much as possible to improve our world.
The ethical component of the holiday reminds us that we all are capable of changing our behavior
to improve our lives and our relationships with others. On Yom Kippur, we atone for our sins as
a community but also as individuals, resolving to refrain from repeating these acts in the future,
and ask that others forgive us for any wrongs committed against them. The idea that one’s
personal actions are inseparable from the fate of the world is embodied in this passage from the
Rabbi Elazar ben R. Shimon said: The world is judged by the majority [of its deeds], and
an individual [also] is judged by the majority [of his deeds]. A man should therefore
always regard himself and the world as half meritorious and half guilty. If he performs
one good deed, happy is he, for he has tilted the scale both for himself and for the entire
world, all of it, toward the side of merit; if he commits even one transgression, woe to
him, for he has tilted the scale both for himself and for the entire world, all of it, toward
the side of guilt. (b. Kiddushin 40b)
What's your name? Yom Kippur is called a variety of names in the Bible and in rabbinic writings. In
Leviticus it's called both Shabbat Shabbaton, "Sabbath of Complete Rest" (16:31) and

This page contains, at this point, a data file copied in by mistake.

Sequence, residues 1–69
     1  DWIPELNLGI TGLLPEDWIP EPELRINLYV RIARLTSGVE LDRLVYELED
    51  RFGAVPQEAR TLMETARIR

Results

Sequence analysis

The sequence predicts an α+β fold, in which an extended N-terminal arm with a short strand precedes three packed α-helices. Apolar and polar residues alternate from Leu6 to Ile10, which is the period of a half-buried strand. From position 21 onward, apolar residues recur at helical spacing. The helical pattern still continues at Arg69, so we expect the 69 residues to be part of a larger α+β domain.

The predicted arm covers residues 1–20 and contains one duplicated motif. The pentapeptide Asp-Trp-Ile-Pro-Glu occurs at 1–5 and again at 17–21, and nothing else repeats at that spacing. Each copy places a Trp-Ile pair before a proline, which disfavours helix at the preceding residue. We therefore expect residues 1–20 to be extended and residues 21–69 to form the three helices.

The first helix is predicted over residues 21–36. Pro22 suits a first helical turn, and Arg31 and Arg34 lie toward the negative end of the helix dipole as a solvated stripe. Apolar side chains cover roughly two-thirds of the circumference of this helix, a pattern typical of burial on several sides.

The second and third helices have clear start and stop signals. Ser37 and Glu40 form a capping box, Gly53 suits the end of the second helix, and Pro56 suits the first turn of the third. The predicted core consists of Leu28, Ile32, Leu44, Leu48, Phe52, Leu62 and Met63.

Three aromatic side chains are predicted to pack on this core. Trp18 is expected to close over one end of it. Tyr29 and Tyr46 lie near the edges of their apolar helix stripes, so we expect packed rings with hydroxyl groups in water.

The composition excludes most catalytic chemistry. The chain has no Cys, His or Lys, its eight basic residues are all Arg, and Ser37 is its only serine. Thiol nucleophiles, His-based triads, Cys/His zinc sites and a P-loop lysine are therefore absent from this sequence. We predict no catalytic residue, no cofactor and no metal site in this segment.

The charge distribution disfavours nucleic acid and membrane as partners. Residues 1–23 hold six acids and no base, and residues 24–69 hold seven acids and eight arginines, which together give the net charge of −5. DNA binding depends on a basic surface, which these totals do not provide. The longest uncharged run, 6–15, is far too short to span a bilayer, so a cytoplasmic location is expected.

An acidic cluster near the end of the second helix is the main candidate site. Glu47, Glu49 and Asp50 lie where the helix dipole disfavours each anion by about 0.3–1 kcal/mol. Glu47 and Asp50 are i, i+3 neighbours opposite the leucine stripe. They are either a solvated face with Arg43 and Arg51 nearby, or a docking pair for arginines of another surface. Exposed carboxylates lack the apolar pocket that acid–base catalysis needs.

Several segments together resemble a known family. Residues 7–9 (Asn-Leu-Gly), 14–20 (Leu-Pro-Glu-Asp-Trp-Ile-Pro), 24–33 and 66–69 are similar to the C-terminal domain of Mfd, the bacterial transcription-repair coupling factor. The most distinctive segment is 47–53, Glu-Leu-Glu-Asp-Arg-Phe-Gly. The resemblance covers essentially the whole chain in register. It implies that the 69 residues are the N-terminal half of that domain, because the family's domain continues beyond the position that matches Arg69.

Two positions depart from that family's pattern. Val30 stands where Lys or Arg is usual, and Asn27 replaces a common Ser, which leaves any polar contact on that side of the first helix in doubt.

Yom haKippurim, "Day of Atonements" (23:27). For the rabbis of the Talmud, the day was known as
Yoma, "the day," and this was the name given to the tractate that dealt with the holiday. In
the Jerusalem Talmud, Yom Kippur is referred to as Tzoma Rabbah, "the great fast" (j.
Peah 7:4), and in another place as simply Tzoma, "fast" (j. Bava Batra 9:7).
- The mitzvah to fast on Yom Kippur is not actually mentioned in the Torah. In Leviticus 16:29,
23:27 (and Numbers 29:7), the word nafshoteichem is used, which refers to “humbling (or
mortifying, afflicting) one’s soul.” This has been interpreted as including, in addition to fasting,
refraining from bathing, anointing, wearing leather shoes, and sexual relations (Yad, Shevitat
Asor 1:5), but many say that these are forbidden only by rabbinic legislation (Tosafot, Yoma 7b).